Wednesday, August 1, 2018

Roasted Beef Tenderloin with French Onion Au Jus

In all my years of cooking and eating beef, one of the cuts that I have rarely used is the whole beef tenderloin.  This cut is readily available, more often in warehouse stores and grocery stores.  It is the cut that, once properly butchered, produces the filet mignon.  In my humble opinion, the filet mignon is one of the most overrated cuts of beef.  As it turns out, I am not the only one who shares that opinion.  I almost never order it in restaurants and have never made it at home. 

Nevertheless, I have a personal goal of trying to cook all cuts of beef.  I wanted to go beyond the prime rib roast, strip steaks and sirloin steaks.  I have been looking for recipes that use other cuts of meat, such as the the beef flank and even the beef tenderloin.  A few weeks back, my beautiful Angel bought a whole tenderloin.  I now had my opportunity to cook with the meat.  I searched the Internet and came across a recipe for a roasted tenderloin with French Onion au Jus.  The combination of beef with an onion soup immediately appealed to me so I printed out the recipe and was ready to cook a delicious meal.  

However, I needed to learn a lot before I could do anything with the meat.  One cannot (or should not) throw a whole tenderloin in the oven and expect a good meal to come out of it.  The whole tenderloin needed to be butchered first.  The butchery required the breakdown of the tenderloin into its three principal parts: the psoas major, psoas minor and the iliacus.  The psoas major is the major muscle of the tenderloin, from which the filet mignon can be cut.  The psoas minor is also referred to as the "chain muscle."  It is a thin strip of beef that could be used in other recipes, such as a Philadelphia Cheesesteak or a stir fry.  The iliacus is known as the "wing" muscle. The actual process of butchering the tenderloin can be found at the 350 Degree Oven.  The website goes a little further than I needed to go, showing one how to cut filet mignon steaks.  That will be saved for another recipe.  

I needed to keep the psoas major and the iliacus whole in order to roast the beef.  The recipe calls for an interesting twist: putting the sliced onions at the bottom of the roasting pan and put the roast on top of the onions.  This is a great idea because not only does it allow the water in the onions to help prevent burning at the bottom of the pan, but it also allows the onions to be flavored with the juices of the roast.  I think I will be using that technique more often, and then use the onions in an au jus, or, as an alternative, to flavor a gravy or other sauce.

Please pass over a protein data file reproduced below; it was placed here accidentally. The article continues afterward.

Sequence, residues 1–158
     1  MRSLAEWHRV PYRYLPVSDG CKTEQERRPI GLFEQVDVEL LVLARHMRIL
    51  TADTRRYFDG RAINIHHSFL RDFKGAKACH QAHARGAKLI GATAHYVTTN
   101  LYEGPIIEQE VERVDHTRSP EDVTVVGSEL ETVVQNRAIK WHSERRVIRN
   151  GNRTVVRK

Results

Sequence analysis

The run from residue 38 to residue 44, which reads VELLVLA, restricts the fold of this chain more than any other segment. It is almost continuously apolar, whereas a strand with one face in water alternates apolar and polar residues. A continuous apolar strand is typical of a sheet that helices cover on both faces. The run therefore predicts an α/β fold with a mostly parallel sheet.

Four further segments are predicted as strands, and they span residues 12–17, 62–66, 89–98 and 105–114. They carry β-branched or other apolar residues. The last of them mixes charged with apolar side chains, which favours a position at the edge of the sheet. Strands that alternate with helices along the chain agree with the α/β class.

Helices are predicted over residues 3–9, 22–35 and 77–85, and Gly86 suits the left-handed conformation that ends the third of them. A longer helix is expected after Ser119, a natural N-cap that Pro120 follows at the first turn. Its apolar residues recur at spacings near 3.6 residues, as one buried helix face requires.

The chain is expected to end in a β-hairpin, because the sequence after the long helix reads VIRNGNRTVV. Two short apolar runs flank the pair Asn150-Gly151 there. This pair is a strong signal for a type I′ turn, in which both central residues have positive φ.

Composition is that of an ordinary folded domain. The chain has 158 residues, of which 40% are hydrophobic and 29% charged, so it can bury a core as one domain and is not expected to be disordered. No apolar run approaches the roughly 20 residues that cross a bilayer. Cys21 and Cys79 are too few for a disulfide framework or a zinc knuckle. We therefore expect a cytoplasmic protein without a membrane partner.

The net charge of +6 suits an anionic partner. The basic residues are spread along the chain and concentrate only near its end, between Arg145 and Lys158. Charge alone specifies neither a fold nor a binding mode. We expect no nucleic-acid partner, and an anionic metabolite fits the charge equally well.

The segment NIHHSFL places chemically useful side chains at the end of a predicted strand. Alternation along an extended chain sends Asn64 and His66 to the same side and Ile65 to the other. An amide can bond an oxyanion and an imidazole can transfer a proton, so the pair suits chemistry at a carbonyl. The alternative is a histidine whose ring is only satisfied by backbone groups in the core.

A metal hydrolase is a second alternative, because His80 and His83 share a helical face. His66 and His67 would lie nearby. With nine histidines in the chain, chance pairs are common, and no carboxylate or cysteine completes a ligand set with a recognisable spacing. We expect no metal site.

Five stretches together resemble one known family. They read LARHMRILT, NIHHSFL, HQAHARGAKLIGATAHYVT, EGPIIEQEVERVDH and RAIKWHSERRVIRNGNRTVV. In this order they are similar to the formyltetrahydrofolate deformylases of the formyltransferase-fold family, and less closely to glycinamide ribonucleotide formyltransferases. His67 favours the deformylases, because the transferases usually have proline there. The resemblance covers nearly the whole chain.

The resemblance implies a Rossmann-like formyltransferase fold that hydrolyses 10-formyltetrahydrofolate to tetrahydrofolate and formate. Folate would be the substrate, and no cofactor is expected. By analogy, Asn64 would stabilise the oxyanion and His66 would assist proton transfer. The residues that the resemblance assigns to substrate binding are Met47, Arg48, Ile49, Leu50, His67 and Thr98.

One final note, any good French onion soup -- or, in this case, a French onion au jus -- requires a good wine.  My go-to wine in this context is usually a Cotes du Rhone, because, in my opinion, that wine is the most complementary one for an onion soup.  Truthfully, a wide range of red wines will work, as long as the wine is not too bold. 

Recipe Adapted from Half Baked Harvest
Serves many

Ingredients (for the tenderloin):
1 whole beef tenderloin, broken down into 
     Psoas major, psoas minor and iliacus
Kosher salt
Freshly ground black pepper
2 garlic cloves minced finely
2 tablespoons chopped fresh thyme
1 tablespoon pink peppercorns

Ingredients (for the au jus):
4 large sweet onions, thinly sliced
6 tablespoons butter
1 1/2 cups red wine
1 cup low sodium beef broth
1 tablespoon Worcestershire sauce
4 sprigs fresh thyme

1.  Prepare the tenderloin.  Break down the tenderloin into its three parts the psosas major (the large central muscle), the psoas minor (the chain) and the iliacus (the bulb of meat at the nose end).  Season the main muscle of the tenderloin, along with the iliacus with the salt and pepper (both black and pink peppercorns), as well as the garlic and fresh thyme  Wrap in plastic wrap and refrigerate over night. 

2.  Roast the tenderloin.   Preheat the oven to 475 degrees Fahrenheit.  Arrange the onions in a large oven safe skillet.  Place the beef over the onions.  Add 2 tablespoons of butter to the top of the beef.  Transfer to the oven and roast until the beef registers 120 to 125 degrees Fahrenheit for medium rare, about 35 to 45 minutes, depending upon the size of the roast. Remove the beef from the skillet to a serving plate and cover with foil.  The meat should rest for at least 10 minutes before slicing. 

3.  Prepare the onion au jus.   Meanwhile, set the skillet with the onion over medium heat.  Add 6 tablespoons of butter and cook, stirring frequently, until the onions are deep golden in color and caramelized, about 5 or 10 minutes.  Add the wine, beef broth, Worcestershire sauce and thyme.   Increase the heat to medium-high and bring to a simmer.  Remove the thyme sprigs.  Season to taste with salt and pepper.

4.  Plate the dish.  Slice the beef and serve with the French onion au jus on the side.